Broiled Salmon Collar Recipe

Updated March 9, 2009

Originally posted July 16, 2007

You guys know about our favorite fishmonger in the whole world right? His name is Pat and he runs Mission Fresh Fish out in San Leandro. You can find him at several farmer’s markets around the Bay Area. We’ve talked about him a lot on this blog. See, his fish is truly the best I’ve come across. And this is one of the things I get the most from him—salmon collars.

Salmon Collars – Cut From Right Behind the Gills

Salmon Collars – Cut From Right Behind the Gills

I first came to know of salmon collars when I started visiting Pat’s booth at the Saratoga Farmer’s Market. The salmon collars were packed in ziplock bags and put next to all the fish bones and other ‘scraps’ leftover from his filleted fish. One of his staff recommended the salmon collars to me as the cheaper alternative to buying his salmon fillets. They told me that it was just as delicious if not more because of all the fat on it. So much fat, it’s almost like having salmon toro!

Get the Right Kind of Salmon

So I came back home that first time with a bag or two of the salmon collars and prepared them as they said—just salt and pepper it then broil. And it was the most delicious thing. This is when I had my epiphany. Salmon can taste so amazing when youget the right kind. And this was the right kind—wild King Salmon. I cannot go back to any store bought salmon anymore (the variety of salmon really counts and King Salmon is truly KING among the salmons).

And Pat sells his salmon collars at the most reasonable price. Would you believe that he charges only $4/lb for these salmon collars? Yes, you heard me right—only $4/lb. These days, when I go to get them, I come back with at least 5-8 lbs each time. I freeze them in bags and go through them in about 2 weeks.

Easy Prep, Intense Flavor

Prepping the salmon collars is so easy. I just cut each salmon collar into three parts—the two side fin parts and I’m left with one small steak piece.

Three Pieces of the Salmon Collar

Three Pieces of the Salmon Collar

I lay them all out on a baking tray (wrap the tray in foil for even easier clean up) and salt them with kosher salt and freshly ground black pepper on both sides.

Salmon Collars Laid on Baking Tray

Salmon Collars Laid on Baking Tray

If you want them to taste more intense, leave the salt on for about 30 minutes before you broil the salmon. This technique is the Japanese way of cooking fish “shioyaki” style. And it’s really delicious.

I once made this dish for a catered dinner and someone asked me what I had seasoned the fish with. She could not believe that all it was was salt and pepper. It’s the fish, people! If it’s good fish, it tastes so good that you don’t really need anything else. Plus, salt done right can be the most amazing flavor component. You don’t need much of anything else.

Fifteen Minutes and Done

I then turn my oven to broil and set the rack at the highest level, closest to the broiler. Pop in the fish, leave the oven door slightly ajar and set the timer for 7 minutes (please check on yours as different ovens have different broiler intensities—I did this at a friend’s house once and it browned a lot faster). Basically, you want the fish to brown and get some nice charring (not burning!) before flipping them over.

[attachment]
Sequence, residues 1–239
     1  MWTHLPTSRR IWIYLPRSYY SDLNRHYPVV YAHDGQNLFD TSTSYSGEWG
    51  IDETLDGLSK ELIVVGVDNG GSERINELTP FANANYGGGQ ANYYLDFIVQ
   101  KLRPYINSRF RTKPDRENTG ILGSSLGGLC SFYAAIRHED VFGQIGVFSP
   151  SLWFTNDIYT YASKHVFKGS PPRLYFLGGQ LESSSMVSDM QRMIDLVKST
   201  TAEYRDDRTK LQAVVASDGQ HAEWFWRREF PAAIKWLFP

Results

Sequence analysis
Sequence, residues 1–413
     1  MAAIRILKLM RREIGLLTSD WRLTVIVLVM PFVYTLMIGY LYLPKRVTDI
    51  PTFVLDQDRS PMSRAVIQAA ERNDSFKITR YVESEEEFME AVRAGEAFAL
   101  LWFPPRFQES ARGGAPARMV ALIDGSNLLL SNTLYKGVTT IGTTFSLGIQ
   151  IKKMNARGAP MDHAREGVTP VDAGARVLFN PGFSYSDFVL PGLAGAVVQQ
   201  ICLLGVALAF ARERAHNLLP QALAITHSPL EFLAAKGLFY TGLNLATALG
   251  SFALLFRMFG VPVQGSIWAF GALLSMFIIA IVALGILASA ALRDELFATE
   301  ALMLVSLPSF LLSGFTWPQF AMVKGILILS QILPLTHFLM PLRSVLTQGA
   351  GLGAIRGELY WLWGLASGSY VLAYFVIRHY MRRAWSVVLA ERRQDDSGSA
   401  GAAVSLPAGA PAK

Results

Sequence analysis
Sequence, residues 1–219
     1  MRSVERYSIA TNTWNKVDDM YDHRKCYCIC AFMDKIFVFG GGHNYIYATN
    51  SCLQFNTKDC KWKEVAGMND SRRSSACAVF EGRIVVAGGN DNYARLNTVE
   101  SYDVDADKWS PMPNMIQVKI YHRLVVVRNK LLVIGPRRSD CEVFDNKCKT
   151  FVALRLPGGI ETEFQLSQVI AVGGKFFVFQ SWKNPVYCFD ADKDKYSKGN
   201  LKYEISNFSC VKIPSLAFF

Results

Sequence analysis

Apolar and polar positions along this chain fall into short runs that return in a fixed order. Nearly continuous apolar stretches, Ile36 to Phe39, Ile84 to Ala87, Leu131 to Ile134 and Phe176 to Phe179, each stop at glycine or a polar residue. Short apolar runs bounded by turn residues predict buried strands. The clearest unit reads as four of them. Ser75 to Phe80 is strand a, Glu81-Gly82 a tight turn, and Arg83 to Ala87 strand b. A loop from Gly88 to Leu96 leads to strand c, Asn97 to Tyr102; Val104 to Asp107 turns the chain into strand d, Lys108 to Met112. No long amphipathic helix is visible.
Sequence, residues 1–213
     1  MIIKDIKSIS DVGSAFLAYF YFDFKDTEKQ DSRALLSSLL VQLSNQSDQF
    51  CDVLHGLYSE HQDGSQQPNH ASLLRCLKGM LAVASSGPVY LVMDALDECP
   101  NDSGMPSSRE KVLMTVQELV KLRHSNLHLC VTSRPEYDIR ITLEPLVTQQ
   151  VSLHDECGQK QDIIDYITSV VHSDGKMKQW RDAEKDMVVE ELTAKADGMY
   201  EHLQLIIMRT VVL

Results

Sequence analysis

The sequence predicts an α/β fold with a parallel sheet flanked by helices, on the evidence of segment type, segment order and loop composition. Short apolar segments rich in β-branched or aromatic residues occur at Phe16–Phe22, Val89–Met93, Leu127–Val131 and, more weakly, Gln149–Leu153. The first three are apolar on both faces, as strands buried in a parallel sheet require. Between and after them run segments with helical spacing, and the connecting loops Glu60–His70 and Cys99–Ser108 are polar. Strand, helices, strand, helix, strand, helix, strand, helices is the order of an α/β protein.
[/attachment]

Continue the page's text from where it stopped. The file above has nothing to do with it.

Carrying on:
Once the timer beeps, turn fish over and broil for another 6-7 minutes (normally shorter time because fish is warm and oven has gotten hot too) or until it is a nice golden brown with bits of darker charred color.

Broiled Salmon Collars

Broiled Salmon Collars

Remove from oven. Plate up and make a pig of yourself sucking up the succulent fish and all that tasty, oily yumminess!

Broiled Salmon Collars

Broiled Salmon Collars

If you’ve never had salmon collars, you need to make a point to get yourself to your nearest fishmonger and ask them for it. If you’re in the Bay Area, find out which farmer’s market Pat is at that is closest to you. Just don’t buy him out—save some for me! Don’t forget—Wild King Salmon is the way to go. Everything else just doesn’t come close.

Broiled Salmon Collars with Rice and Stir-Fried Veggies

Broiled Salmon Collars with Rice and Stir-Fried Veggies

Cheers, Annie

28 thoughts on “Broiled Salmon Collar Recipe”

  1. >I love that fish stand, and often find Pat there, hawking his amazing seafood, at the Mountain View farmers’ market. I have bought quite a bit of wild salmon from him. But mostly fillets, never collars. Must try this economical cut!

  2. >Hey you guys, two other things to do with collars, marinate them in shiro miso for a few hours, then broil them, and you should try smoking them. If you like smoked salmon from the filet, you should really try the collars smoked. A simple light brown sugar brine would do the trick, over some alder smoke.

  3. >Last season I bought bags of salmon parts at the Cupertino Square FM. It was especially tasty knowing the fillets/steaks were going for $25-$30/lb. Gotta try your “even I can do that” recipe. Bummer that it’s shaping up to be another bad fishing season.

    Did I ever tell you we signed up to do the vegetable share again? The kids are old enough now to help make a dent in the bounty.

  4. >i love seafood, especially salmon is one of my favorite fish. Yours look very delicious, I can’t wait to try them:)

  5. >I love salmon and this is something I am very keen to try out but first need to find some salmon collar 🙂

  6. >I love salmon and can never understand why so many restaurants feel the need to cover it with sauces when it has such a wonderful flavor of its own.

    I usually buy salmon fillets and sprinkle them with some red Hawaiian salt, dill and cracked black pepper and then poach them. They cook in their own rich juices and are ready in no time.